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Fanfare 4. review (5 stars, Max)

Colin Clarke, Fanfare

Five stars: "Sunleif Rasmussen is a composer who has an individual voice and is clearly a master of his craft. - Petri’s artistry is everything one might imagine, and more.
Hailing from the island of Sandoy in the Faroe Islands, Sunleif Rasmussen (born 1961) has impressed a number of critics in these pages. His works have appeared on the BIS, Dacapo, and OUR Recordings labels. The present disc takes its title from the last-heard work, Territorial Songs. Sunelif Rasmussen is a composer who has an individual voice and is clearly a master of his craft.
Written for recorder and string trio in 2012, Flow was originally intended as a companion piece to Mozart’s D-Major Flute Quartet, K 285, with Rasmussen offering something of a modernist deconstruction of the Mozart. Even the hallowed sonata form is not safe, dissolving where the recap should be. Michala Petri and the Esbjerg Ensemble find a real playfulness in the first movement. There is the feeling of something deconstructed about the central Tranquillo, too, a deliberate implication of something not quite right; and as the music progresses it becomes more and more exploratory, including some otherworldly multiphonics and harmonics. This is by far the most extended movement, at nearly twelve minutes; and, despite the trickery of the effects, it is Rasmussen’s ability to work with simple melodic and harmonic material that is actually most impressive. The finale, harmlessly entitled “Rondeau,” is an active, jagged dance. It is easy to hear Mozart behind this, standing well back but present nonetheless.
The piece simply entitled I (“Jeg,” 2011) for recorder and chamber choir to verses by Danish modernist Inger Christensen, themselves a response to Wallace Stevens’ Thirteen Ways of Looking at a Blackbird. The use of a bass recorder adds a breathy depth to the recorder’s lines and commentary, against which the wonderful Danish National Vocal Ensemble sings. The vocal ensemble’s sound and textures are beyond criticism. I assume this is exactly the same performance that was issued by OUR Recordings in in 2012 and reviewed in Fanfare (the recording date is given 2011). The control of the sopranos is fabulous as is, in fact, the control of the choir as a whole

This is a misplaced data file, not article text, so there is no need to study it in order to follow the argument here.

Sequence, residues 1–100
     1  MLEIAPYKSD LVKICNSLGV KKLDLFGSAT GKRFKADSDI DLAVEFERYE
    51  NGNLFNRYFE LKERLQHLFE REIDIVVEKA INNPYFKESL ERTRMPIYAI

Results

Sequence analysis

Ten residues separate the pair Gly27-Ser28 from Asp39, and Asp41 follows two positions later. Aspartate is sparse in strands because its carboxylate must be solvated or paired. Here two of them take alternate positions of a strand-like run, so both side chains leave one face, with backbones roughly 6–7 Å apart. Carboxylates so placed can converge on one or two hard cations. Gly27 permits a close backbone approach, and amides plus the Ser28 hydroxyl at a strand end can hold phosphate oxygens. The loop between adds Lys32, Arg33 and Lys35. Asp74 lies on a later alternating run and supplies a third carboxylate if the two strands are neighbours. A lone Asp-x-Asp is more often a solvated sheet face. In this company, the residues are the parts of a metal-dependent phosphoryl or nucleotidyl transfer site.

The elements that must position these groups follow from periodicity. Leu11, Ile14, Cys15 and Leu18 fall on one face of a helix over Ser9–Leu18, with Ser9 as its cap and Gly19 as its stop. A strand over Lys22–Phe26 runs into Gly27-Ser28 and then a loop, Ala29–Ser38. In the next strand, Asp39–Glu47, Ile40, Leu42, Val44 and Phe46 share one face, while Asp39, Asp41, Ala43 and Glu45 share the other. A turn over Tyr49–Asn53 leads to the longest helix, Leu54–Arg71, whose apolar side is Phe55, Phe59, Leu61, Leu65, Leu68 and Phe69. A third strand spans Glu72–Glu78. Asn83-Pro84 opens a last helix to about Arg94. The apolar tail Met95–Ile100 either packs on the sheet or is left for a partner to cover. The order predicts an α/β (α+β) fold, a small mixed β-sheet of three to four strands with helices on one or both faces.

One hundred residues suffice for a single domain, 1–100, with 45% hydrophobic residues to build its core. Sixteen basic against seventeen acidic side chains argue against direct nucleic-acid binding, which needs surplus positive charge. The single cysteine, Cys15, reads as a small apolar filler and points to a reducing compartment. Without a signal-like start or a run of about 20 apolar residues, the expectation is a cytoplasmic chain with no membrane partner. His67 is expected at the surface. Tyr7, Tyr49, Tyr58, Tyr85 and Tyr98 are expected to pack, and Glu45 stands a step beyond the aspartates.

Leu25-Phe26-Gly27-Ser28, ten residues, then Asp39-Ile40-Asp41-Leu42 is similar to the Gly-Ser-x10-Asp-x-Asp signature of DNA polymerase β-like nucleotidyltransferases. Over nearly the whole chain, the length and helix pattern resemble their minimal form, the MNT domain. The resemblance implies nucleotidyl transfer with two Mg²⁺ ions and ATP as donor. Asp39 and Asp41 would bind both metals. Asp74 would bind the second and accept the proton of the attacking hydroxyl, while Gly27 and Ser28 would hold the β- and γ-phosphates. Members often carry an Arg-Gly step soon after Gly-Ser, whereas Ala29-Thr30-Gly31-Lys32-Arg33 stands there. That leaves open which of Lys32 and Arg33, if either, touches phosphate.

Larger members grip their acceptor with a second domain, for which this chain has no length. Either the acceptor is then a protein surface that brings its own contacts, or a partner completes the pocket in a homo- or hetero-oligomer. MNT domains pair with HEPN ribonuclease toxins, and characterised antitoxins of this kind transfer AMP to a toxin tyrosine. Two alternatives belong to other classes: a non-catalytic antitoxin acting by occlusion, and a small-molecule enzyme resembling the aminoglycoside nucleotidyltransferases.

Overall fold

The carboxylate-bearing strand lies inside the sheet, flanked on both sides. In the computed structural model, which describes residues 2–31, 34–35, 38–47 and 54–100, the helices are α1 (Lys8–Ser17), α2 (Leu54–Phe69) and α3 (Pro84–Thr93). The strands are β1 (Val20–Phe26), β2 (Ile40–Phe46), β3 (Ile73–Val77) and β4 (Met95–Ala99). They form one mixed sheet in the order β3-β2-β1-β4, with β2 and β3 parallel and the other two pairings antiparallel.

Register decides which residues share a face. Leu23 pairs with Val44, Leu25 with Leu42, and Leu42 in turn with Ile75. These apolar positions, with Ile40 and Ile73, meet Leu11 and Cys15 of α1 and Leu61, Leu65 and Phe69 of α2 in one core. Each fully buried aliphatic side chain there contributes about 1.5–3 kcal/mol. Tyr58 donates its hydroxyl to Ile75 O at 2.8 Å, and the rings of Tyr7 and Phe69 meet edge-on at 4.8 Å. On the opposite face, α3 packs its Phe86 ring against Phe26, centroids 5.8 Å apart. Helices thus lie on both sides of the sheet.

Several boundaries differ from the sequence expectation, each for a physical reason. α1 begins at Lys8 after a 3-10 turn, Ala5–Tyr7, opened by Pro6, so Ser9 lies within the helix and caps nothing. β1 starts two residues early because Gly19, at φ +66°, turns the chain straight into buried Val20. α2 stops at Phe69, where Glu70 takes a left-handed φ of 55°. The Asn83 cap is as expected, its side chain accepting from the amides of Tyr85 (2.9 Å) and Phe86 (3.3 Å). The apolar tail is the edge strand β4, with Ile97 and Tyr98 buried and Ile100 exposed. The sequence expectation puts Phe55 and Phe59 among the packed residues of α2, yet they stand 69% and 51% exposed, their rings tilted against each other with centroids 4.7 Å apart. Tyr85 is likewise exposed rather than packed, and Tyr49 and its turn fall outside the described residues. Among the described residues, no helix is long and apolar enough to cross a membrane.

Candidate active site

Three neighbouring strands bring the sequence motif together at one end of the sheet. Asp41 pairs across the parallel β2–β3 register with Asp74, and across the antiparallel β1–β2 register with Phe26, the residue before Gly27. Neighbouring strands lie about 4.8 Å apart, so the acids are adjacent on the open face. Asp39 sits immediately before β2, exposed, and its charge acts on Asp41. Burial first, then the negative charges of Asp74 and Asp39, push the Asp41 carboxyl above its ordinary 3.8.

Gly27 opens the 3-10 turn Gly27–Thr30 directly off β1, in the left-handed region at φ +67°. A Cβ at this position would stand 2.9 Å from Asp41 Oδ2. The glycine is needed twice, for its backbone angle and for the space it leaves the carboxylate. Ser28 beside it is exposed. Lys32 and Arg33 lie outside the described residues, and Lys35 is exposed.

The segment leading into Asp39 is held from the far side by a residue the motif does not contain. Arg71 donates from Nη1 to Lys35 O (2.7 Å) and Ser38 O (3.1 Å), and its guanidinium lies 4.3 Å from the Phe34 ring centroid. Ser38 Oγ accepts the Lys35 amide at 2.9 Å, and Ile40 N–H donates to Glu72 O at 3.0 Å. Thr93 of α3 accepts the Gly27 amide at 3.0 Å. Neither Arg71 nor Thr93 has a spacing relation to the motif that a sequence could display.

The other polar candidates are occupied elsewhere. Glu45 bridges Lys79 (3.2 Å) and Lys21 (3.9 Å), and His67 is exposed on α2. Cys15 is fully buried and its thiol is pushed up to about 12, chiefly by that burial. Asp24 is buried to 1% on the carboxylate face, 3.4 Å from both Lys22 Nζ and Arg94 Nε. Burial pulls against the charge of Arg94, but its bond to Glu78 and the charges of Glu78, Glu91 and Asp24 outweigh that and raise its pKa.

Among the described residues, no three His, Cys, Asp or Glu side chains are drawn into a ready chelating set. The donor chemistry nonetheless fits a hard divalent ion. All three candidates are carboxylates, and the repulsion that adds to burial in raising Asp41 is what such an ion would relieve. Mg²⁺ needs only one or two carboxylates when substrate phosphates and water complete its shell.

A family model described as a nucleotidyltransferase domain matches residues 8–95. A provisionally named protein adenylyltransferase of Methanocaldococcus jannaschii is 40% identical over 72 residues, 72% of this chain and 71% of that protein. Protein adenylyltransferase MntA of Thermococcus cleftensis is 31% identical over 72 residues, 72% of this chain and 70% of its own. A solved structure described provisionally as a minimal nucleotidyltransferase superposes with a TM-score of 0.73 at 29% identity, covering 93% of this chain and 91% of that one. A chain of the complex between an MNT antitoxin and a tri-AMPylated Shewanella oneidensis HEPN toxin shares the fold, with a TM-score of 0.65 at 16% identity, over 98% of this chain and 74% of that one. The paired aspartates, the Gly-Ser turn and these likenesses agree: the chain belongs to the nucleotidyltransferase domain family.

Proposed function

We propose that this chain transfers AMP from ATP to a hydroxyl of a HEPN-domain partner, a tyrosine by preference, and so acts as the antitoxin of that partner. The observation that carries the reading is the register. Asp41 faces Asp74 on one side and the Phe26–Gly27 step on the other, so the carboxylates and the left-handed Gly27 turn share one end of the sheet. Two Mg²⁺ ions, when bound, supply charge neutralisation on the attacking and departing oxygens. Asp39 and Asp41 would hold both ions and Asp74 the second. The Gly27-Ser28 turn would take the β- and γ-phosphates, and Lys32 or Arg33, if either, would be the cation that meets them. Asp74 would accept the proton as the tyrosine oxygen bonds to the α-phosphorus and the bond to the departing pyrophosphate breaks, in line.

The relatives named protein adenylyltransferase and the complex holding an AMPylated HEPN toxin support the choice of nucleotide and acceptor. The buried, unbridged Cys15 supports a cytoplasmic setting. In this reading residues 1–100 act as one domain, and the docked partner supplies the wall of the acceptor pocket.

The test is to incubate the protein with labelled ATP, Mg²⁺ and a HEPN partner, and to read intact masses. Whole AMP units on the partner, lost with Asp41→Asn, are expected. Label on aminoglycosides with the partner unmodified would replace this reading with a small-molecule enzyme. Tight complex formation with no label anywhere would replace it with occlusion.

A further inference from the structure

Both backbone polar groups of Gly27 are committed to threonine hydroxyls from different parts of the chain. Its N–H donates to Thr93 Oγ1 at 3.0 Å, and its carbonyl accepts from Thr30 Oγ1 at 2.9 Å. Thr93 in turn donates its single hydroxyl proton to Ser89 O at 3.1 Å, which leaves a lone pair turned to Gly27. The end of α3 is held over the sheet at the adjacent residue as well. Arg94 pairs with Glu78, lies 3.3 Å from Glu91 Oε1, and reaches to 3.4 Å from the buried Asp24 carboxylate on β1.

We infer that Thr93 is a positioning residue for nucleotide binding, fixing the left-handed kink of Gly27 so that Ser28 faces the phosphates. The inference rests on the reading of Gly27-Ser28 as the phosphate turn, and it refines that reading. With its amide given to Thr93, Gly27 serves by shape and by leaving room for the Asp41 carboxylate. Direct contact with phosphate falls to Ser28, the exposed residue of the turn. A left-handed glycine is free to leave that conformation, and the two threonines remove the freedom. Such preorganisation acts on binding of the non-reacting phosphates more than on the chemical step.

Taking its name from a sacred hymn, the Sorrow and Joy Fantasy is for solo recorder; interestingly enough there is a more expansive piece with the same name (although given in German) for wind quintet, string quintet, piano (doubling harpsichord) and guitar. The recorder piece is a set of twelve variation modelled on the carollinear (see elsewhere in this issue for a disc of carillon music) Jacob van Eyck. Petri’s artistry is everything one might imagine, and more.
Subtitled “Hommage á Axel Borup-Jørgensen, the 2014 piece Winter Echoes for recorder and 13 solo strings acts in high contrast. The angularity of the string writing implies a Faroese Bartók. Rasmussen’s title works perfectly with what he offers us: the “echoes” referring to compositional overlaps and imitations, the “Winter” acknowledging Borup-Jørgensen’s propensity for works with that title. Using the time-honored idea of darkness to light, Rasmussen has the soloist progress from bass to treble recorder during the course of the piece. The feeling of a dizzying moto perpetuo is remarkable, all the more so that, performed in a slightly restrained manner, it has the effect of the edge taken off it, like the way snow dampens sound. The stamina and concentration required for that extended toccata is remarkable, both from soloist and ensemble; it cedes to a cadenza for alto recorder. It is the treble recorder that has the final word, ascending on high, alone. All credit to the Lapland Chamber Orchestra under Clemens Schuldt for their fine contribution.
Bells usher in the work which gives the disc its title. Territorial Songs (2009) for recorder and orchestra. Joined here by the Aalborg Symphony and conductor Henrik Vagn Christensen, Rasmussen creates pools of “territorial space” in which players perform independently of the conductor. One can perhaps hear echoes of Lutosławski, but they are distant ones. The underlying inspiration is birdsong (a decidedly territorial creature that also uses song to attract a mate), itself through the writings of Italo Calvino. While man cannot live by texture alone, Rasmussen’s achievement is to carve a piece out of textural elements while creating a highly individualized experience. The stasis created by the Tranquillo fourth movement (of five) is remarkable. Petri and her players sound thoroughly engaged throughout; heard in a cracking, top-drawer recording, ambient, warm yet detailed. This is the true highlight of a most stimulating disc.
I must make a note to search out Rasmussen’s Symphony No. 2, “The Earth Anew,” of 2015, a composed life cycle based on the myth of the tree of life, Yggdrasil (it has been recorded on Dacapo). In the meantime, this gives me plenty to be getting on with and it will for you, too. Colin Clarke

Five stars: Sunleif Rasmussen is a composer who has an individual voice and is clearly a master of his craft

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